Acute Appendicitis Due to Metastasis of Prostatic Adenocarci
A 73- year-old man was admitted to the emergency department with right iliac fossa pain for 5 days without nausea, vomiting or fever. His medical history indicated a prostatic adenocarcinoma with multiple bone metastases located in spine, ribs and sternum. Six years ago, the patient underwent an ultrasound-guided needle biopsy after a suspicious digital rectal examination, which yielded a poorly differentiated prostate adenocarcinoma with Gleason score of 7. A radical prostatectomy was performed with a finding of positive regional lymph nodes, associated to doxorubicin, cyclophosphamide chemotherapy, and gonadotropin-releasing hormone therapy administration.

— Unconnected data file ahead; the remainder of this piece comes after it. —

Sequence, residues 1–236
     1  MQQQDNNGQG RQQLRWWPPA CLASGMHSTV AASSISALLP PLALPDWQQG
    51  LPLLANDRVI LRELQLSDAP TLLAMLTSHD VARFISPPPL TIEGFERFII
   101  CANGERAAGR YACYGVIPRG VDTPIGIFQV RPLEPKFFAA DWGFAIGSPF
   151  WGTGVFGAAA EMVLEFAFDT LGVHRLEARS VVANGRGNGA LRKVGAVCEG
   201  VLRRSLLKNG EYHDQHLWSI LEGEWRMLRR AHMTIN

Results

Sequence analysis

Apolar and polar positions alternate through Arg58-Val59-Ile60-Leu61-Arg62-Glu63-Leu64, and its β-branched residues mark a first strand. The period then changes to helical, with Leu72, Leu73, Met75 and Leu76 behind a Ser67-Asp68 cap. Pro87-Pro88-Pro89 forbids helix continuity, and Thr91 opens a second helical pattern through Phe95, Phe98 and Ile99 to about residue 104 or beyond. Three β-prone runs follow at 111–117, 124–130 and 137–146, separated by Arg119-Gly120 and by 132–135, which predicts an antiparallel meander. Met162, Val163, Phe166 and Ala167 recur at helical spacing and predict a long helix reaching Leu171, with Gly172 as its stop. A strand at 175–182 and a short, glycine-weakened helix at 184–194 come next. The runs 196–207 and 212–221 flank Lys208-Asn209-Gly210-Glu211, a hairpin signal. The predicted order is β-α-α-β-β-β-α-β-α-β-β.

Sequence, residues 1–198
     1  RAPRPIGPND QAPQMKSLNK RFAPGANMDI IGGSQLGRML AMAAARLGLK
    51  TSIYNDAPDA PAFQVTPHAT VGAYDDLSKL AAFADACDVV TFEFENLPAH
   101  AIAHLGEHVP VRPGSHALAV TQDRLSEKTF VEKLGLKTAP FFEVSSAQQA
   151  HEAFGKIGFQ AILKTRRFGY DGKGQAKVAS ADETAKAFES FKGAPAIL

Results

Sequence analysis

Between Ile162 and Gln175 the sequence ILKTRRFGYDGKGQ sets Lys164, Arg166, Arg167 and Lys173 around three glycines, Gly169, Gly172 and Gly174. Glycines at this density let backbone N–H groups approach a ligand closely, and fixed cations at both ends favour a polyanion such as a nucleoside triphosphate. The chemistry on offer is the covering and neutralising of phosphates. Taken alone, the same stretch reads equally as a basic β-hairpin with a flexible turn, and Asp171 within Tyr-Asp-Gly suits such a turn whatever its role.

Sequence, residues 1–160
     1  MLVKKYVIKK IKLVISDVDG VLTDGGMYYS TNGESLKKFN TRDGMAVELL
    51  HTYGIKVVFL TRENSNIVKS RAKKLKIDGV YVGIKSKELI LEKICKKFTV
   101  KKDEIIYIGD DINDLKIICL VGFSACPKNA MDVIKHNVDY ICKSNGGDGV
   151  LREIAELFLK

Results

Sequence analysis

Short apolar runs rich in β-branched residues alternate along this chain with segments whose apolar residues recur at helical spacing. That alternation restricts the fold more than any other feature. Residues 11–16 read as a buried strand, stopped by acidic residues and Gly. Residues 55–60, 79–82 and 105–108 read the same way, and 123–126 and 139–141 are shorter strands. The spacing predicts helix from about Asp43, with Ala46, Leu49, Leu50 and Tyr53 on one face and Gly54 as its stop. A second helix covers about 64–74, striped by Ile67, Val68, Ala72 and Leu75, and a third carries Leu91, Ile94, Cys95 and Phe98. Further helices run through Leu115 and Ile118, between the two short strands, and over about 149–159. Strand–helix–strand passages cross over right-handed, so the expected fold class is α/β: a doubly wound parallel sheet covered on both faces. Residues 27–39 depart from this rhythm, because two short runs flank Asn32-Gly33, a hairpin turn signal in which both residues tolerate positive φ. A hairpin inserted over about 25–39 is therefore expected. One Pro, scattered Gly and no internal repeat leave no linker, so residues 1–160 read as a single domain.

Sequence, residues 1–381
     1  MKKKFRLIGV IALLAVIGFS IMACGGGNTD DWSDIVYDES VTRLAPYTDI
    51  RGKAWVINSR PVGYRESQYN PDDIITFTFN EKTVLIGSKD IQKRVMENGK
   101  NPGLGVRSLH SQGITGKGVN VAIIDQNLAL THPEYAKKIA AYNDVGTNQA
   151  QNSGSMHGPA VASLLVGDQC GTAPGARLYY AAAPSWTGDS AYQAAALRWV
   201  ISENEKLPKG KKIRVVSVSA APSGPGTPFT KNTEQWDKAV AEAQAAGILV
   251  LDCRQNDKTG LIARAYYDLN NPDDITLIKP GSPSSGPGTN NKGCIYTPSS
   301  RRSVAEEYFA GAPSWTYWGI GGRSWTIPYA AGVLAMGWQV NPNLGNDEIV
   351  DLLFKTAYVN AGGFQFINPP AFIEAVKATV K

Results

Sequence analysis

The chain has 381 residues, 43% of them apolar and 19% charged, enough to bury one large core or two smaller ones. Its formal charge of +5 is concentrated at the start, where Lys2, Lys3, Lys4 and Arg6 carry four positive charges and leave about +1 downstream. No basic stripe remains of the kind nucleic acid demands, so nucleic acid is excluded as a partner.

Physical examination revealed rebound tenderness over McBurney’s point. Laboratory tests found leukopenia with a white blood count of 3,700/?L (normal range: 4,000 - 10,000/?L), an elevated C-reactive protein level to 45.5 mg/L (normal range: < 6 mg/L), and no alterations in liver tests and no other significant biological abnormalities were observed. Vital signs were normal. Clinical examination showed pain within deep palpation of the right iliac fossa with rebound tenderness, and the rest of the examination was unremarkable. Contrast-enhanced computed tomography (CT) revealed a dilated appendix with a size of 11 mm in diameter, and a diffuse infiltration of surrounding fat (Fig. 1), and multiple bone metastases are also visible....